Yesterday Times Watch asked how prominently the New York Times would play the undeniable violence, property damage, and arrests that took place during the Occupy Oakland protests on Wednesday night. The answer: On the front of the National section, page A15. Reporter Maria Wollan got in some of the destructive details from the protests, but still tried to emphasize the “peaceful march” that proceeded the violent part and to separate the ordinary Occupy Oakland protesters from the "fringe group" responsible for violence.
In “Oakland Police Clash With Fringe Protesters" (itself a forgiving headline), reporter Maria Wollan treated the left-wing and anarchist rioters much more respectfully than she did a clever, peaceful conservative protest against affirmative action on the left-wing University of California at Berkeley, in a hostile September 27 article.
Protesters and city officials here took a deep breath and tried to calm the waters Thursday after a night of vandalism and tear gas disrupted an orderly day of anti-Wall Street marches. But tensions remained high, both between demonstrators and the police and between Occupy Oakland protesters and a belligerent fringe group that seemed intent on clashing with law enforcement and destroying property.
More than 100 people were arrested in the melee, and the injured included both protesters and police officers.
After an afternoon of picketing banks, a crowd that city officials estimated as at least 7,000 strong descended on the city’s waterfront Wednesday evening, temporarily closing one of the busiest ports in the country. Port officials reported no injuries or property damage, and the port was reopened Thursday morning.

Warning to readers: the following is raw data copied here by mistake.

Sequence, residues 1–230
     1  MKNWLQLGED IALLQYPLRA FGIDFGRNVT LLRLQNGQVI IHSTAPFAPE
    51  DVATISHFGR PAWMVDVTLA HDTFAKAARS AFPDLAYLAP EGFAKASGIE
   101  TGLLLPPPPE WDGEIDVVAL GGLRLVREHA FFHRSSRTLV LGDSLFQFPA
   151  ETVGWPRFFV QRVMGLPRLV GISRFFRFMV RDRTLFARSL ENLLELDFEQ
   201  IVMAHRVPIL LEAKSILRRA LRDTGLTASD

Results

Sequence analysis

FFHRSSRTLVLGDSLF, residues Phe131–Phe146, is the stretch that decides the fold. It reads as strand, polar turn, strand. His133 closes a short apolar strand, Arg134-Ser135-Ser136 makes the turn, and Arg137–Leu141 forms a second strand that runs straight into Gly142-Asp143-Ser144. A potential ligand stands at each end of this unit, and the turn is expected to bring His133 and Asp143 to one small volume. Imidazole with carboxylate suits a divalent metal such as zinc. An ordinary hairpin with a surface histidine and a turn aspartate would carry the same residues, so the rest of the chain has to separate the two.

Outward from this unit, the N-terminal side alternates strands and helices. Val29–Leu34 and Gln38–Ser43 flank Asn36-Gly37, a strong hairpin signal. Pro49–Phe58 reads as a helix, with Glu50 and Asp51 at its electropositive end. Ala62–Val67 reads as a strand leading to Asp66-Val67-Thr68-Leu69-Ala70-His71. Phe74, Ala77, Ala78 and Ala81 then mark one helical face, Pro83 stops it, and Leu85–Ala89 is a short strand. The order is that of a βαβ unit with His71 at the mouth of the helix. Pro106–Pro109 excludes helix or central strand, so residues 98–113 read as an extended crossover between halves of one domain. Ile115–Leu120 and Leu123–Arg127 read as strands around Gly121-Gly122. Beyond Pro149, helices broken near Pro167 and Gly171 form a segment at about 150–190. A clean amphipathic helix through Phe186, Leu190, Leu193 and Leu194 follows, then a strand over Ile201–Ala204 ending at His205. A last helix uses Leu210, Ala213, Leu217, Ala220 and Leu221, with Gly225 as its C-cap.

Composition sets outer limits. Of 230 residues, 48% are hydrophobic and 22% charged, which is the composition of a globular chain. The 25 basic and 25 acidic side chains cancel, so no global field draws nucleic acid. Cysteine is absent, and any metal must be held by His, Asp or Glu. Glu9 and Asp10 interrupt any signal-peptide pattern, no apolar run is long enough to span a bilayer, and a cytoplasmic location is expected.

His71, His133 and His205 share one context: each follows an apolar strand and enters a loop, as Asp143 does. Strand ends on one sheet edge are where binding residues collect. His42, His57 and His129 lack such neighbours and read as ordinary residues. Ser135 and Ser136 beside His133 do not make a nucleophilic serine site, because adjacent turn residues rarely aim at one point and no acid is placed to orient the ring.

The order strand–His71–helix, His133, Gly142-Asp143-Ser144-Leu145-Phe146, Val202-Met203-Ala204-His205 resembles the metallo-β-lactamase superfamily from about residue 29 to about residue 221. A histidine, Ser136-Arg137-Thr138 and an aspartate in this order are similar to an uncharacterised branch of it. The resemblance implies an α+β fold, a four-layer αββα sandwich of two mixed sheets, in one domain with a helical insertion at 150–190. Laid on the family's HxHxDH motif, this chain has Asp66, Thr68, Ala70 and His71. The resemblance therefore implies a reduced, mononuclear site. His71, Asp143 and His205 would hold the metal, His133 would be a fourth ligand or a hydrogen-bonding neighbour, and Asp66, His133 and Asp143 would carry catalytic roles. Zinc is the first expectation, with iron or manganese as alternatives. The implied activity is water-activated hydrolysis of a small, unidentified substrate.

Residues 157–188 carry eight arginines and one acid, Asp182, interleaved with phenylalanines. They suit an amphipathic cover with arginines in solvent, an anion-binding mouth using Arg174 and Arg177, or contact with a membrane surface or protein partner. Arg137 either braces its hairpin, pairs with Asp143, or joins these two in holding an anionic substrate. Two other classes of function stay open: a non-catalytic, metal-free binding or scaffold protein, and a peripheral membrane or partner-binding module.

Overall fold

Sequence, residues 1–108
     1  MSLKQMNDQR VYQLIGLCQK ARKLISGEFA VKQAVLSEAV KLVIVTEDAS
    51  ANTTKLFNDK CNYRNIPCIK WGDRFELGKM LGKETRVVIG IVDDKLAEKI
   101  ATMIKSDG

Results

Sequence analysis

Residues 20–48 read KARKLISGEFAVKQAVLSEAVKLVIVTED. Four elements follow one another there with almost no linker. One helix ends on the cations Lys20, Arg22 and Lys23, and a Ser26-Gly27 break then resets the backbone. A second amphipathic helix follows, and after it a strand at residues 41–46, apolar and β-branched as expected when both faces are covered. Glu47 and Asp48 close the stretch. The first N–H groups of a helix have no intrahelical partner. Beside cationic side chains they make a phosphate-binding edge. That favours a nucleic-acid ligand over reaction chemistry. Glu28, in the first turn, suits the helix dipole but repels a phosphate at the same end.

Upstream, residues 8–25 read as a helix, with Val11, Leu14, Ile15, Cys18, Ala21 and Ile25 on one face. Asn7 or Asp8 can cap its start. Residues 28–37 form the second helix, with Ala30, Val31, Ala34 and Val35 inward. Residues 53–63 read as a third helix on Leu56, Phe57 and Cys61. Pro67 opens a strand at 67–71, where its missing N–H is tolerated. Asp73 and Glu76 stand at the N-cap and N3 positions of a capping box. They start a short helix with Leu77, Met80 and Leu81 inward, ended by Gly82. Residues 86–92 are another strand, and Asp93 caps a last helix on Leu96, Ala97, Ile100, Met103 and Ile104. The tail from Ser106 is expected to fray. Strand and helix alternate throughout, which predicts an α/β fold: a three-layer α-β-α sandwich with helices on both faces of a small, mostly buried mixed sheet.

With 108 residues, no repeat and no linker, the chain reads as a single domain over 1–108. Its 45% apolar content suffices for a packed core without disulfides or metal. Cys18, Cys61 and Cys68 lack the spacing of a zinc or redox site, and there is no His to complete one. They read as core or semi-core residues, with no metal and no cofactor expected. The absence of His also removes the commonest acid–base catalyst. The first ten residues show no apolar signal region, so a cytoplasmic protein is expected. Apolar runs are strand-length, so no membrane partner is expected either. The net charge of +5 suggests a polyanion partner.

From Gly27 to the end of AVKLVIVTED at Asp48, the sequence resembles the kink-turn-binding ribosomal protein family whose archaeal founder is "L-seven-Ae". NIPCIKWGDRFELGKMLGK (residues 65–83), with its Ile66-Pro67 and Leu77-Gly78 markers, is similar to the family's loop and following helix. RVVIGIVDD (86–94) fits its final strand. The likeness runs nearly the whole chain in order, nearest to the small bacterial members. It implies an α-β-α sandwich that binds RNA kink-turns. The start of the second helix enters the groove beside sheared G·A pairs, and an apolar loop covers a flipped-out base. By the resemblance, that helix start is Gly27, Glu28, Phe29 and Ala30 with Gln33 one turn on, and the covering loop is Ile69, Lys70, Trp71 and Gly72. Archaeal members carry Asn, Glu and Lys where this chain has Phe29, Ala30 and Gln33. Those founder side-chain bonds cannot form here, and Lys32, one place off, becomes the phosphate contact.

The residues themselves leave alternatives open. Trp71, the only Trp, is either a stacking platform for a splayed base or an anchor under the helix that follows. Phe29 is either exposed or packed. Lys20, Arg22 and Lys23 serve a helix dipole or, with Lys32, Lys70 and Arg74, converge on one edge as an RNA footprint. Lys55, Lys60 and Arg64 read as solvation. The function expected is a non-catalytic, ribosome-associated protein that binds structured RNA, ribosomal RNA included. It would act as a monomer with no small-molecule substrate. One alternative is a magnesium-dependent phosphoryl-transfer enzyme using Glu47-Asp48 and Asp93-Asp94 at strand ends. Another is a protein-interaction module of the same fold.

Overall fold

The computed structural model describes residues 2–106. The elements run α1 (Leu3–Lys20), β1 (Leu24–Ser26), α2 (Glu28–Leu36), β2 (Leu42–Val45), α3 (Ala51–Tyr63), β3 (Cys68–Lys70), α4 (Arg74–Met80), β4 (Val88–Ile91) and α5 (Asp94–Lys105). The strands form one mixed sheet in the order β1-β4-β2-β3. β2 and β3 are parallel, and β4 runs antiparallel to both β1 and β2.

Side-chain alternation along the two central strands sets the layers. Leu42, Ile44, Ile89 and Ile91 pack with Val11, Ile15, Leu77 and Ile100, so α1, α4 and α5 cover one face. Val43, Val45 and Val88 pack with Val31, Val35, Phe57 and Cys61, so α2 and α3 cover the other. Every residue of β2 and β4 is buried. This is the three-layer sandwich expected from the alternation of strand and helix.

Conflicts within the protest movement were evident throughout the night as people on the street argued and screamed at one another, encounters that on several occasions nearly came to blows. Some members of the group that had closed the port reprimanded those who smashed windows, threw rocks, ignited a 15-foot-high bonfire of garbage and covered downtown storefronts with graffiti.
“Largely peaceful” again meant somewhat violent in the Times:
Mayor Jean Quan applauded the protesters and the police for the largely peaceful march. As for the evening of confusion and violence, “a very small group of people can create chaos,” she said.
There are more details on the riots the Times left out at the Oakland Tribune, including this gem suggesting it wasn’t just “fringe” characters responsible for property destruction: “Milani, a camper who did not want to give a last name, spoke against apologizing to businesses. She said it wasn't just outsiders committing vandalism. ‘The person I saw putting toilet paper up, they're a facilitator at the general assembly. The person spray painting, they're on the events committee.’”